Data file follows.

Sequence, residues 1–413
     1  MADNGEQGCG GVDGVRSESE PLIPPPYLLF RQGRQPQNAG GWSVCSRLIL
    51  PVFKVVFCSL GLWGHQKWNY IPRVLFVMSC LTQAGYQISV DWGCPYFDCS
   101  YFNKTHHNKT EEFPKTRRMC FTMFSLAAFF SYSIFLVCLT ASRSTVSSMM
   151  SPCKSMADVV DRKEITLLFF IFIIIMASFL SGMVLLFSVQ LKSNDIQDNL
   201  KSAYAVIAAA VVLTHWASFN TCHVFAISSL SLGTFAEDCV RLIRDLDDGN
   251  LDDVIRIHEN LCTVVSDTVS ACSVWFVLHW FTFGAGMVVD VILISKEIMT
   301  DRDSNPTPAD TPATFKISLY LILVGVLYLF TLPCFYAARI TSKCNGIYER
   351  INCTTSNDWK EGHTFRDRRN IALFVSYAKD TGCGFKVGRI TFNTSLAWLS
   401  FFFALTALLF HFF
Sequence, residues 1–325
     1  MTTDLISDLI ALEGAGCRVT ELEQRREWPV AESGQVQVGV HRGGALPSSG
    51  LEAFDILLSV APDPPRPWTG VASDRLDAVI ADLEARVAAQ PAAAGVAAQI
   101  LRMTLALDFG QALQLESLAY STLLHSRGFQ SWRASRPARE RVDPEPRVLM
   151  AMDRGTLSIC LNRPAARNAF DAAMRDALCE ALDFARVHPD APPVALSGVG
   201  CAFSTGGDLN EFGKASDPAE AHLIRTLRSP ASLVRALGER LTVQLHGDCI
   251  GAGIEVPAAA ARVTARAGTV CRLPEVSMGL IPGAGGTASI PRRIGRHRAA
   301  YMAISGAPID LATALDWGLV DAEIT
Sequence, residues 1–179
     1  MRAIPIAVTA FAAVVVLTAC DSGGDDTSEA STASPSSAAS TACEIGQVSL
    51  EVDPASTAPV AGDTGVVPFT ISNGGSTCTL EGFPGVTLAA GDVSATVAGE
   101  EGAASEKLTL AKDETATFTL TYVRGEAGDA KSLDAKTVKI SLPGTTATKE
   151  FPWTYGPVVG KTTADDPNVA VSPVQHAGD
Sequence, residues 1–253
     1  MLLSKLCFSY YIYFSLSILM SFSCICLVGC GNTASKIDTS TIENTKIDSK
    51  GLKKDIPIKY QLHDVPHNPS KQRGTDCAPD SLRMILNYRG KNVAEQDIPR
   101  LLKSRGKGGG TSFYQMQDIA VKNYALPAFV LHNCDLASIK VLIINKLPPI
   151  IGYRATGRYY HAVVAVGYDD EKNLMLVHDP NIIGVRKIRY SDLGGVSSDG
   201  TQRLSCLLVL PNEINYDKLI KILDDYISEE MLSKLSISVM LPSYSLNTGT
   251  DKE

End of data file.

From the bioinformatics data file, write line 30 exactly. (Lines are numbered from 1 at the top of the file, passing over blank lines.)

   251  DKE